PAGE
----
What is our primary use case?
My primary use case for the product is testing Home Lab. I was involved in the early vSphere 6.7 beta. I wanted to see what the new features were, how it worked. I'm using it currently in my Home Lab for testing lots of the different products as a vSphere-base for vSAN, NSX, running the latest vCenter, etc.
Some of the critical workloads that I'm running in my vSphere environment are Exchange, SQL, various different application servers, and those have to be up and available at all times, and vSphere does that for us. It gives us High Availability, failover, vMotion capability for load balancing. It works great.
How has it helped my organization?
Since migrating over to vSphere, we're seeing a significant performance boost due to the fact that we've migrated over to an all-flash vSAN array. Previously we were running external storage SAN over fiber channel. We saw a significant increase, I would say at least a 50 percent increase, in our speeds due to our vSAN running on all-flash. It's been a huge improvement.
The way that vSphere increases our availability in our organization is that it allows us to run our critical business workloads, keep them highly-available, run them at speed, and easily scale when we need to.
What is most valuable?
The most valuable features for me are a very easily scalable infrastructure. I can have a couple of hosts to do basic workloads. I can have a lot of hosts to do a lot of workloads. vSAN integrates my storage so I don't need an external storage SAN. I love having everything integrated in the same UI. The new HTML5 interface doesn't require any plugins anymore and it's super-fast. Really liking that change.
In terms of the built-in security features that I'm using, currently I am using vSAN Encryption, using an external KMS server, and it works great. It's pretty easy to set up, very easy, especially in the UI, to integrate that and get that set up.
The way that I find vSphere simple and easy to manage is that the interface is all laid out for you. You've got various different views based on what you want to do in the UI. You have your Hosts and Clusters view, if you're doing something where you need to manage at the cluster level. You can manage at the host level in there. If you're doing something very VM-specific or on a vApp level, you can go into the VM and Templates view. It's very easy to scale and use what you need to use.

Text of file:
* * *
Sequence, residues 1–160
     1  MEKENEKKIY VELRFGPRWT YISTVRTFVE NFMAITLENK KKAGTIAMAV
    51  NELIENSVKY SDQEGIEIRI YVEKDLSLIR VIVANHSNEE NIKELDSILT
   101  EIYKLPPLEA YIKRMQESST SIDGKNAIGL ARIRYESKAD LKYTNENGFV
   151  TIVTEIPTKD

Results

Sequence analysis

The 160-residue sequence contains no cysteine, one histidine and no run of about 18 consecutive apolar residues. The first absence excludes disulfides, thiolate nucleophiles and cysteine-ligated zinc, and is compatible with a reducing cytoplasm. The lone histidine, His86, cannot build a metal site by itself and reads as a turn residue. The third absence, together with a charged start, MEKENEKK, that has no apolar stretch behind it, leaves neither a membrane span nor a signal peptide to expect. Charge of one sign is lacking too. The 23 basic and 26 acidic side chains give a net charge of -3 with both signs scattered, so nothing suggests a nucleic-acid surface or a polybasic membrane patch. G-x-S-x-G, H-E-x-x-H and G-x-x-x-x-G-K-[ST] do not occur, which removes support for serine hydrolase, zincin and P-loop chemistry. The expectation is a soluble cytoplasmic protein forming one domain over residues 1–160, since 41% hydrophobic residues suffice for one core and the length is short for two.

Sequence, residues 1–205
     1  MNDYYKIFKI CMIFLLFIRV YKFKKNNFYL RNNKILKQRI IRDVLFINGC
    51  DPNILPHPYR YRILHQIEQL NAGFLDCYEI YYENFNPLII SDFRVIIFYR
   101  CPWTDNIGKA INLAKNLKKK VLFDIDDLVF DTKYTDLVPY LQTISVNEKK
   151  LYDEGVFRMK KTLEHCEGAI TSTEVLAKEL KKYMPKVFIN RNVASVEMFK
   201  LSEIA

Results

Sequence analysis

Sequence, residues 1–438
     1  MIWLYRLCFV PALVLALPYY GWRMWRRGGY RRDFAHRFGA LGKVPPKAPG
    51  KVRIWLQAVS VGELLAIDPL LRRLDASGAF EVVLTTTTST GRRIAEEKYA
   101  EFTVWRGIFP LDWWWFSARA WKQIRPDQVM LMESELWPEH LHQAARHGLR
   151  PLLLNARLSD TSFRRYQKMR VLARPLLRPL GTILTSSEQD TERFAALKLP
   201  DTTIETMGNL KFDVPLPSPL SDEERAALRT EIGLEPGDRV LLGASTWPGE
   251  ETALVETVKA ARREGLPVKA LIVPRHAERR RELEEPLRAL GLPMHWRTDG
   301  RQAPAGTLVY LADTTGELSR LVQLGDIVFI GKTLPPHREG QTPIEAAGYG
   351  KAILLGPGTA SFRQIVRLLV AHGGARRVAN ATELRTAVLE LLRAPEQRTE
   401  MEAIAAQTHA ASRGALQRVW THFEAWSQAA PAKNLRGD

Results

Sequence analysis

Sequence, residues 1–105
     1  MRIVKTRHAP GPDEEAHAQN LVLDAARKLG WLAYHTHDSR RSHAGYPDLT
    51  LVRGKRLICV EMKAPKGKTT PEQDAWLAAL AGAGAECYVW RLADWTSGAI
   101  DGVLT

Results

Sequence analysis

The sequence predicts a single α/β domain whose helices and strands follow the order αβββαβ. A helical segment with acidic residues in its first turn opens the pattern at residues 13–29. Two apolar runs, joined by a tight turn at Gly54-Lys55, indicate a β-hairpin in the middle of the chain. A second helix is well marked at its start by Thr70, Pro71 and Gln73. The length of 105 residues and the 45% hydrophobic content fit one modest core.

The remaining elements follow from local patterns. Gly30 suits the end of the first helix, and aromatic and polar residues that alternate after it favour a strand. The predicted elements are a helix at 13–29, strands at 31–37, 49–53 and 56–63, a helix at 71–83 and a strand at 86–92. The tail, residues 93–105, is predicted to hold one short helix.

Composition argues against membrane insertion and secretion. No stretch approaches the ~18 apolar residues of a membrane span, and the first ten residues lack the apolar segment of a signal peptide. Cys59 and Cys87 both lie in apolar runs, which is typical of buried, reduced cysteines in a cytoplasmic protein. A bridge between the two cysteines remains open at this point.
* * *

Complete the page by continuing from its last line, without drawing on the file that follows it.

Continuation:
What needs improvement?
An improvement could be allowing a "dark mode" for the interface. I think the HTML5 client is a little bit hard to read. It's all white. It's a little bit bright on the eyes. A lot of us IT guys view in the dark.
For how long have I used the solution?
One to three years.
What do I think about the stability of the solution?
The stability in our vSphere environment has gone very well. We have never actually had an outage. Due to the HA failover capabilities of the cluster, the High Availability of vSAN, Distributed Resource Scheduler allowing you to basically vMotion VMs and balance your loads across all your clusters, it's been very highly available. We've never had an outage or an issue; never any kind of a data loss incident, even when we were running external storage as well.
What do I think about the scalability of the solution?
Scalability works pretty well. You can start out at a couple of hosts, based on your business needs, your budget. That's probably the base recommendation I would start out at for having some of the DRS and HA failover capabilities. But if your business grows, you can easily add a host and a cluster and expand your capabilities on storage and compute. If you're running vSAN, you can run on the storage side, too.
How are customer service and technical support?
I have had several instances where I've had to use Global Support Services. They're always great. They are very knowledgeable. If they don't know the answer, they can easily escalate to another engineer and help you out and get the problem solved, usually pretty quickly.
How was the initial setup?
I was not initially involved in the vSphere setup at my current company; that predated my joining the company. But I've brought up the secondary environment and integrated vSAN at that company, and setup was straightforward. It's pretty easy to get everything set up and get things done. I've done that many times in production, and torn down and rebuilt the Home Lab many times. It's pretty straightforward.
What other advice do I have?
We do not currently use VMware Cloud on AWS.
If I had to rate vSphere from one to ten - version 6.7 - I would say right now it's probably about a ten.